In 1997 a Dalton pensioner who had lived opposite the Roxy Cinema all her life had saved some of the ornate stonework for posterity.

The last remnants of the Roxy had been demolished in September 1997 to make way for a supermarket.

May Rule, 86, asked Hindle’s, the demolition contractors, if she could have some of the decorative stonework from the building’s façade.

She was delighted to discover three pieces, depicting fruit and flowers, on her doorstep.

“I just kept looking at the building and thinking how I would like to have a little bit to remember it,” she said.

Of the demolition, she said: “It’s a shame the façade had to go as well.

"It was a real decorative feature of the town. The Roxy was something distinctive which no other town or city had. But it’s gone now.”

Miss Rule’s family had lived in her Market Street home since the 1870s and she remembered when the Roxy was re-built in 1936.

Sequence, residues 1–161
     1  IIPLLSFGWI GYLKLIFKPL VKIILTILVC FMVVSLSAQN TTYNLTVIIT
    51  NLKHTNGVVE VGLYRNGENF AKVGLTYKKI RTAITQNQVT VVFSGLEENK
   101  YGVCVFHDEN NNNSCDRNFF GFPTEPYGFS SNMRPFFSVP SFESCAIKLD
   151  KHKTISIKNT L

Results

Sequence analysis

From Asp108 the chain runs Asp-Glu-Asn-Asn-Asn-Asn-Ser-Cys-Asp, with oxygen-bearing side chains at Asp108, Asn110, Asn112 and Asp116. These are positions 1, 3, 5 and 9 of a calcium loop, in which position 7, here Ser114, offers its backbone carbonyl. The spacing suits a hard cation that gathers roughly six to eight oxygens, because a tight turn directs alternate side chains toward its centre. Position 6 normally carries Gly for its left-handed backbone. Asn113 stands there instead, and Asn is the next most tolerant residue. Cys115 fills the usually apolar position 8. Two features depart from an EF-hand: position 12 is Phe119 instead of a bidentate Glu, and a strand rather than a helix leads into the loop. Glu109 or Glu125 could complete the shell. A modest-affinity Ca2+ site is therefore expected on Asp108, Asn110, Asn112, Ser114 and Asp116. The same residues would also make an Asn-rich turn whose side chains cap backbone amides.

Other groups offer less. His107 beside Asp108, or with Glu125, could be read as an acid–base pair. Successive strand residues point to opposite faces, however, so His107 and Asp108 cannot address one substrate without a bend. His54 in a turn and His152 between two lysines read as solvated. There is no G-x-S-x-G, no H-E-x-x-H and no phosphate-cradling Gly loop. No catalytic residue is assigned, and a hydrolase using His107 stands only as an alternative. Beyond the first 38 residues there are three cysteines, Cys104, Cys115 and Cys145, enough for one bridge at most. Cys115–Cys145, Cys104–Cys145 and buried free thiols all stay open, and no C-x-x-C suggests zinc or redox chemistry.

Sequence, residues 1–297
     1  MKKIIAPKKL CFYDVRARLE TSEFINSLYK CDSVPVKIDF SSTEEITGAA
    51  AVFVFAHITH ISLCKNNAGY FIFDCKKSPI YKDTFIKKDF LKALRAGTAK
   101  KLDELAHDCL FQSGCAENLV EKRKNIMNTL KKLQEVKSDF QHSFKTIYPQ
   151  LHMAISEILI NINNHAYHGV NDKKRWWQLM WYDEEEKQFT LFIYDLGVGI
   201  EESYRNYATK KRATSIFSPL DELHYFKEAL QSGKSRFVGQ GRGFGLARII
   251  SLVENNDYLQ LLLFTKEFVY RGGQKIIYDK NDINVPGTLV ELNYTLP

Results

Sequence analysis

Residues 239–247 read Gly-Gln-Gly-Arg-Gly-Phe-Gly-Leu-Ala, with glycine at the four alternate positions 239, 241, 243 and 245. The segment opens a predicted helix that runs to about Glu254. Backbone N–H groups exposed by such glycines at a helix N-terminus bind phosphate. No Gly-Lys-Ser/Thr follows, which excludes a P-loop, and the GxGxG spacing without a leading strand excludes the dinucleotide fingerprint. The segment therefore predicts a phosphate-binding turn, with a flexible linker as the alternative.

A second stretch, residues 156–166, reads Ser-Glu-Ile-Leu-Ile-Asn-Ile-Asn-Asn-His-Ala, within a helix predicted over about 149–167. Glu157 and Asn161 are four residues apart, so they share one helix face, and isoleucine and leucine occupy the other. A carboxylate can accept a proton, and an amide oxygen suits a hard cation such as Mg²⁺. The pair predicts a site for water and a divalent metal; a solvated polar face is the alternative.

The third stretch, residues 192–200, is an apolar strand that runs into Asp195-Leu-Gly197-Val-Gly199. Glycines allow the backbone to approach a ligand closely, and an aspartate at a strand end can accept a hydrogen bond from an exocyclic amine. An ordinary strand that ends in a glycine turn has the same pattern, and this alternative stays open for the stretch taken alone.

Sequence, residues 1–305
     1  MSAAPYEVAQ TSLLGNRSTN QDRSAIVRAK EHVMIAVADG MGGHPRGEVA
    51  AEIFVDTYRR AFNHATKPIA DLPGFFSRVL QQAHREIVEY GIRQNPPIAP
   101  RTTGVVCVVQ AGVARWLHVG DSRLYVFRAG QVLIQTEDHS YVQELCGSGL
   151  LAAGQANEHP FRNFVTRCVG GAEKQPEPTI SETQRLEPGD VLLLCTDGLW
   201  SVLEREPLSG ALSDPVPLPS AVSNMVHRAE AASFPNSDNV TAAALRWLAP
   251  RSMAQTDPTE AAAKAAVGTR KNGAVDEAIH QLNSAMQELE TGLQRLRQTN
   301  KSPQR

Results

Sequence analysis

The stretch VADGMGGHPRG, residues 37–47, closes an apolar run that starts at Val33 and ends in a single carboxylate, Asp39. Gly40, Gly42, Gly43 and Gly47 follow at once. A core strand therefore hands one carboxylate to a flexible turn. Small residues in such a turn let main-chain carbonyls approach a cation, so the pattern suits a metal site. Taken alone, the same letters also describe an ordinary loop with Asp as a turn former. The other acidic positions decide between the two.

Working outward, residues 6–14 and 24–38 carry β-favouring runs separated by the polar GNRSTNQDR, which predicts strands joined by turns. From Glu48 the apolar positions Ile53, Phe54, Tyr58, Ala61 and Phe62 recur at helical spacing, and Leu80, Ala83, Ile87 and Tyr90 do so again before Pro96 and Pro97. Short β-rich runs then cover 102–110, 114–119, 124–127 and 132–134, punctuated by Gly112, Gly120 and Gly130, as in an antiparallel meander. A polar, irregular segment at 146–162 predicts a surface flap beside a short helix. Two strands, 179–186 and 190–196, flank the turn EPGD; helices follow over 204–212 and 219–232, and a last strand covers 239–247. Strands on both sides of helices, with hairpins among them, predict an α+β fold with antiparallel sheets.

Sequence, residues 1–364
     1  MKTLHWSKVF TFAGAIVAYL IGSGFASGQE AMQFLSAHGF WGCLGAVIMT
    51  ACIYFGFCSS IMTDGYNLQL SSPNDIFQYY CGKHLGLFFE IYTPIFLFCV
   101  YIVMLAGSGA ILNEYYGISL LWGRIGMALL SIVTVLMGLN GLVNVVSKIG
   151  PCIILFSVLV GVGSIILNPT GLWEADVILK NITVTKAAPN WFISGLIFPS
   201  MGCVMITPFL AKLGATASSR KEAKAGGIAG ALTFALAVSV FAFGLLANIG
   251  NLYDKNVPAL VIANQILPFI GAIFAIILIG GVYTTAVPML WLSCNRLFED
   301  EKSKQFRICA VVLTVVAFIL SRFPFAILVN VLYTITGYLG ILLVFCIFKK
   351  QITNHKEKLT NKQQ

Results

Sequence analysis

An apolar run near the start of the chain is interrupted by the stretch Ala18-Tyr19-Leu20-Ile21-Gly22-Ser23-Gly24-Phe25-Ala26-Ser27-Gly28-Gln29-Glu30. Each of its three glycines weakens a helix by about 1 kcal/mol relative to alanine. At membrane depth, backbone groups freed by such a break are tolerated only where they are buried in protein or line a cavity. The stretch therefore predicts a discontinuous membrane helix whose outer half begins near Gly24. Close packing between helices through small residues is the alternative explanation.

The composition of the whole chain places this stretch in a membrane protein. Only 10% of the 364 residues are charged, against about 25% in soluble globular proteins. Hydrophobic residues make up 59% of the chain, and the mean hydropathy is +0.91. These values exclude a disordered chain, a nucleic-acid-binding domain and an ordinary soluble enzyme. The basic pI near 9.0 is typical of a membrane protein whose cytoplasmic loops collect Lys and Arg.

“I think my family will have seen it built up from nothing. They remembered when there was a brewery there and a stream running under the houses to it.”

Miss Rule planned to use the pieces of stone in a garden display but said it would be nice if a museum had a piece of the stonework.

In another story from The Mail's archives, undated but likely to have bene from around 1997, it was reported that the sight of the waste ground where Dalton's Roxy Cinema used to stand had inspired schoolteacher Paul Rigg to write a book about the place.

Mr Rigg, deputy headmaster of Lostock Hall High School in Preston, was born in Barrow and his first job was as a rewind boy helping at the Roxy in the early 1960s.

It was Paul who, with the help of his father Bill, showed the last film ever screened in the Roxy, on October 31, 1965. It was The Legend of Young Dick Turpin.

Paul's latest book, Flickering Shadows, recalled those final days of the cinema.